Say he had 100 book buyers. Five out of the 100 would buy
the $200 offer. 5 x $200 = $1,000. One thousand dollars
divided by the 100 letters mailed equals $10 per customer.
In other words, he just added $10 to the lifetime value
of the customer.
He did that over and over. So it built up to where for
every $10,000 he spent on ads, when he included the back
end sales, he’d make $40,000.
So he put $10,000 into the business slot machine and got
Now, if you know about Vincent, he got in trouble with the
FTC and they took away most of what he made.
But that is a totally separate issue from understanding the
numbers of how business works.
So this is how a business works.
Let’s say you run an affiliate program.
You sell a $60 product and pay out a $40 commission. Each
customer has a value of $20. For simplicity sake, I won’t
include the cost of fulfillment.
But out of 1,000 customers over a period of a year how much
more revenue do you get?
That becomes your lifetimme value.
And now you have your business slot machine running.
Your goal over the year should be take that $20 per customer up
to say $100 or more.
PS: If you want to start an affiliate program for YOUR products
so you can really crank the traffic, get my complete A to Z
system I’ve used for many years in my OWN business:
Get your business slot machine geared up today!
Any idiot can create complexity.
You know, take a topic and make it sound really complex. Â First you create big words. Then complicated charts that make it look all sophisticated and such.
In contrast, it takes a genius to take something complex and find the simple elements in it. Â That, by the way is what Einstein did in the theory of relativity. Â E=MC squared. Â Not so complex
The point is, businesses seem complex. Â How do they make all that money?
But recently, I read a brilliant book that boils it down to the basics. Â You have 3 factors:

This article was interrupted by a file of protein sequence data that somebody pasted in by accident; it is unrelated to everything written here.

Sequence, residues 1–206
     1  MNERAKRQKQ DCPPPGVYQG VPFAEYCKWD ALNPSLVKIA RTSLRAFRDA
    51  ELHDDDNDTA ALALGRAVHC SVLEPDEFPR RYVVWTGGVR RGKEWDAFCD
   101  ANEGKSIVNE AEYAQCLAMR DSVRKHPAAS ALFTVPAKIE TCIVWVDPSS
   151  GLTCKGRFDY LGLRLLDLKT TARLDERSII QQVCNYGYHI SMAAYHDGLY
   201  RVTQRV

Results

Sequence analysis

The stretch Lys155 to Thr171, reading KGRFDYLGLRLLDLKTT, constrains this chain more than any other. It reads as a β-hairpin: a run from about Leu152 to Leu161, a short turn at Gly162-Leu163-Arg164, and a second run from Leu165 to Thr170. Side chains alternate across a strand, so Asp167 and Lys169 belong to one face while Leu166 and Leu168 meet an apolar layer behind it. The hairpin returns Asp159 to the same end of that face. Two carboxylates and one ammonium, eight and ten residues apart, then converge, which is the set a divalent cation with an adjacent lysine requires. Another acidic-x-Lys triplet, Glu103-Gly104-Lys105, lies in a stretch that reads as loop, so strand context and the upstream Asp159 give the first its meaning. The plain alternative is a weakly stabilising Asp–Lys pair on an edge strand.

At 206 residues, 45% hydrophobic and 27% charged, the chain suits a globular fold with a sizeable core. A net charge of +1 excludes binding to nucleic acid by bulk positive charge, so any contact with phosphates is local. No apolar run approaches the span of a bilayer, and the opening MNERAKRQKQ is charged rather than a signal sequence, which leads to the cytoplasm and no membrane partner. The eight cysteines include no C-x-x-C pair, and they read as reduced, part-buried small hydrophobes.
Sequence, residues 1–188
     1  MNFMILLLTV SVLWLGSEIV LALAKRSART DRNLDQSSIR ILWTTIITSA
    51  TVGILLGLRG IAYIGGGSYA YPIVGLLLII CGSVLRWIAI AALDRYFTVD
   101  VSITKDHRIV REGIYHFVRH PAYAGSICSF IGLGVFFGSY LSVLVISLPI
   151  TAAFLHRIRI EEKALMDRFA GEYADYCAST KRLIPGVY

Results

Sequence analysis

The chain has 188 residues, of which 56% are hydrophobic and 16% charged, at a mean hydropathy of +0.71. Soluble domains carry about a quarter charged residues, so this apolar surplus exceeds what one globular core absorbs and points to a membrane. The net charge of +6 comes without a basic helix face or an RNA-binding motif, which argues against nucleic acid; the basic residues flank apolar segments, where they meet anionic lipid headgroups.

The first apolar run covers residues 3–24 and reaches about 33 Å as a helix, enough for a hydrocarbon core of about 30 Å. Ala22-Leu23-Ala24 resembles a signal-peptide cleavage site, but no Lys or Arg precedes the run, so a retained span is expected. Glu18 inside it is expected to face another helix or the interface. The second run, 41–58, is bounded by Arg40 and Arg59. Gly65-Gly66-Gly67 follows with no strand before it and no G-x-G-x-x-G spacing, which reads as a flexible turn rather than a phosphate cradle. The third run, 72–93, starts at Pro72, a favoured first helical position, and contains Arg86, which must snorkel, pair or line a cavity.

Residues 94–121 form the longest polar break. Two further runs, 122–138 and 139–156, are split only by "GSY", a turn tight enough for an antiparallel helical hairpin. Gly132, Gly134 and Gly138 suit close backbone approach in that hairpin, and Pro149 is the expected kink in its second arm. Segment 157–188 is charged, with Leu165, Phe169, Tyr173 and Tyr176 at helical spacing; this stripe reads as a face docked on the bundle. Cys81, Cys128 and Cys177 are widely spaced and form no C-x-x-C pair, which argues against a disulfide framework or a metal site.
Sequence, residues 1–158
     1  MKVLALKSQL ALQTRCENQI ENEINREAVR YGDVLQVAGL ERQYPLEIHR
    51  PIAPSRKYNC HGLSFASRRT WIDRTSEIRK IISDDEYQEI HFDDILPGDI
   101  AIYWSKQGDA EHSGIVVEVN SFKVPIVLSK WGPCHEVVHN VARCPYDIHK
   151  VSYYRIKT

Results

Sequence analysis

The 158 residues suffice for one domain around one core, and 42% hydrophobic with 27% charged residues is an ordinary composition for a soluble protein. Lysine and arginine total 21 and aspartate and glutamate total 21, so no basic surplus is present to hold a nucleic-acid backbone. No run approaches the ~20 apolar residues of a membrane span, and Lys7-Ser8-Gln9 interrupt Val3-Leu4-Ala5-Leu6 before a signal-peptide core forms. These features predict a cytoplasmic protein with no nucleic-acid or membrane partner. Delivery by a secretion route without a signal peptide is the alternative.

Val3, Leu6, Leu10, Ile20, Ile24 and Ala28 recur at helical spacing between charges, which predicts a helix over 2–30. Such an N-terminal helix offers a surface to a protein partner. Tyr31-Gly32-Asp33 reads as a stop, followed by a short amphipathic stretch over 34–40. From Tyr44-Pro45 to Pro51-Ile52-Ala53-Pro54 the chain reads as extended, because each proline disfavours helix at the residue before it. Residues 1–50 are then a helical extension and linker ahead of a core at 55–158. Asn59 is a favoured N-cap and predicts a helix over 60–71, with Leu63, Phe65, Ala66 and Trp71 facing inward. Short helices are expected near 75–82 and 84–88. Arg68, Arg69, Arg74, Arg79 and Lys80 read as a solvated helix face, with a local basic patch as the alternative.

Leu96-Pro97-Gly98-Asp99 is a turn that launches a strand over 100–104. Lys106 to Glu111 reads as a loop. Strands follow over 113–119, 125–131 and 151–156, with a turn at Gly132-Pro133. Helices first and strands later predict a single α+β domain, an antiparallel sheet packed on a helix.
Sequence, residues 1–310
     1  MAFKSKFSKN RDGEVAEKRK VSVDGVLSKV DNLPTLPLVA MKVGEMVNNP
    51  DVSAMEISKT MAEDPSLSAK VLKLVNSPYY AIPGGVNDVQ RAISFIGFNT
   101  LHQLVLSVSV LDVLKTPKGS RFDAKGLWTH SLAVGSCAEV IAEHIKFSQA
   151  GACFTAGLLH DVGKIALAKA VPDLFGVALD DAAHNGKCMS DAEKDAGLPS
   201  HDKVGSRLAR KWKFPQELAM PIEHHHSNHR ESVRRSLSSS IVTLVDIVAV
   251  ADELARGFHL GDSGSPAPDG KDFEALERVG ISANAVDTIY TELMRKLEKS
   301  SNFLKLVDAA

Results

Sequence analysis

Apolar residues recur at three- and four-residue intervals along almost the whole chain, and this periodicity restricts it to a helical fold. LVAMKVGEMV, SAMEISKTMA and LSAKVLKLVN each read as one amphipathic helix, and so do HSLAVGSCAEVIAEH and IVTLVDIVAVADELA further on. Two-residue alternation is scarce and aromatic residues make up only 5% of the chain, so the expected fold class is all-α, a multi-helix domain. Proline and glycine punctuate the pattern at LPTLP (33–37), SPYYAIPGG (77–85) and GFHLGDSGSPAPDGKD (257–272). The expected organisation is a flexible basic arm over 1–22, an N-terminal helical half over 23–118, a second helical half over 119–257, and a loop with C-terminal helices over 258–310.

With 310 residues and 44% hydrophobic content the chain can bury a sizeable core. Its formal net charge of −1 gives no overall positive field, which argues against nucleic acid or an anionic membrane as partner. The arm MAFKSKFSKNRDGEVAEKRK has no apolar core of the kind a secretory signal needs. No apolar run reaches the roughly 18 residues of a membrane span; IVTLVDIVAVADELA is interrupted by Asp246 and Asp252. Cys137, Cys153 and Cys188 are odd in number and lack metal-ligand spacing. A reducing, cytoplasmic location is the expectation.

1. Â Number of customers
2. Â Margin
3. Â Retention
If you have those 3 numbers, you know how much a company is worth. Â
For example, the book gives the example of Ameritrade. Â The lifetime value profit margin on a customer was $1,126 at the time the book was written. Â The cost to acquire a customer was $203.
The book is Managing Customers As Investments by Gupta and Lehmann.
The way this applies to you is you could theoretically use the following plan:
1. Â Buy clicks from Google for .50 each
2. Â Send to a landing page where 15% opt in
3. Â Every 100 visitors costs you $50 and you snag 15 opt ins at a cost of $3.33 each. Â All you need to break even then is to sell 1 out of those 15 opt ins a $50 product. Â Or sell most all $5.00 product.
4. Â Send out emails that sell affiliate products using online camtasia or video where you presell the product. Â You can also do this in writing and broadcasts.
5. Â To keep people on your list, once or twice a week send out private label rights articles, ebooks and content. Â Post the same on a blog to get Google love.
Well, I don’t know anyone who does this. Â
Anyway, the take away here is that virtually any business can boiled down to a few dirt simple numbers. Â And that book will prove it to ya. Â It’s a good read.